There are the usual qualifications candidates for local office work into their stump speeches: Long-standing community connections. Previous political experience. Business acumen. Selfless service to the community.

Andy Nelson says he has it all covered. But he’s hoping his years of working in field service will steer him into the mayor’s office of  Wisconsin Rapids, Wisc., population 18,000.

Nelson, who worked as a senior field service engineer for Siemens’ healthcare division for five years, repairing chemical chemistry equipment in much of Wisconsin and Michigan’s Upper Peninsula, finds parallels between successfully running a service business and a city.

“The biggest thing in field service was communication and customer service,” Nelson says. “It’s the same in politics. They’re looking for personalized service … At Siemens, the focus was that at all costs, you’ve got to take care of the customers — and not just for this one problem. Don’t wait for the problem to escalate. Take care of it right away, and you will have customers for life.”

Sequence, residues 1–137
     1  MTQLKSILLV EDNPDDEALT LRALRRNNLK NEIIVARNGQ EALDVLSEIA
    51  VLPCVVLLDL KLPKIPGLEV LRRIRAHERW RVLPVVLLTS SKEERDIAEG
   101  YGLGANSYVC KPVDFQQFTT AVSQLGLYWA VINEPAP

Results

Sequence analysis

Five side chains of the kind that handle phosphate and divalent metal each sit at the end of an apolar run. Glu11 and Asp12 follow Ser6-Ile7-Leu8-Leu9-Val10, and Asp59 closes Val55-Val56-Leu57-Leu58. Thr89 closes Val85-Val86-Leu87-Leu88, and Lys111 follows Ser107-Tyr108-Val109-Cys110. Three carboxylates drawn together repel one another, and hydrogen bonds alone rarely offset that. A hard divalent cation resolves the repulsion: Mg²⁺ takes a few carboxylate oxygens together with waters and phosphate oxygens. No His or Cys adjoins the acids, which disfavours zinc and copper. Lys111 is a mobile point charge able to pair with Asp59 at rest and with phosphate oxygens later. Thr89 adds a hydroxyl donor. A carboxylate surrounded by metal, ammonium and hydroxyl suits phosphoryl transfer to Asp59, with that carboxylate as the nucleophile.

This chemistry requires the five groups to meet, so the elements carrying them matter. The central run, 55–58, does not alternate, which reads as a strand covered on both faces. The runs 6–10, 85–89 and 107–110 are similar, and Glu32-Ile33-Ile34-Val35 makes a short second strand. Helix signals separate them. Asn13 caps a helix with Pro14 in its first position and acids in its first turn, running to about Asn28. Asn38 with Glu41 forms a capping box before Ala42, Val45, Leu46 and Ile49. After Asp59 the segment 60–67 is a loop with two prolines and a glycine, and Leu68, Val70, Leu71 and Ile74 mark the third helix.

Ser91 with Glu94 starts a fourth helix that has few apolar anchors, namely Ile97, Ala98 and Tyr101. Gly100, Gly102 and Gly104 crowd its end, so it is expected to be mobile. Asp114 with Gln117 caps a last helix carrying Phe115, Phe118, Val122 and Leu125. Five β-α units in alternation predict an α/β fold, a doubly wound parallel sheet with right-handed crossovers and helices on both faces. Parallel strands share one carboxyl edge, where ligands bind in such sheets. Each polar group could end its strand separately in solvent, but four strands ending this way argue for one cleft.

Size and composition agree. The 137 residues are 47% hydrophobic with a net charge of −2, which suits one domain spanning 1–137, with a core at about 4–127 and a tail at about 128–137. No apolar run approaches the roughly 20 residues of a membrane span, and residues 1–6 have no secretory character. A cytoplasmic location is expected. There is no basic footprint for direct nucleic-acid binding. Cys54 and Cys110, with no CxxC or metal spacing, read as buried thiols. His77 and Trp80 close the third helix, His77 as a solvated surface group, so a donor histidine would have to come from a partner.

Nelson, currently an alderman on Wisconsin Rapids’ city council and a local restaurant owner, left field service about a year ago. But he draws upon two requirements of field service in his political career: customer service and creativity.

“In field service, at least at Siemens, you have a territory that’s your own,” Nelson told the SmartVan. “Basically, you’re in small business. After you fix something or you’ve taken care of a large install, you’re constantly in touch with your customer. It’s the same in politics. When something comes up, you’re constantly in touch with your constituents, figuring out how this will impact them.”

The election is April 3. After that, he’ll find out which is harder: public service or field service.

Click here to download a free whitepaper, “Five Steps to Make Field Service Profitable.”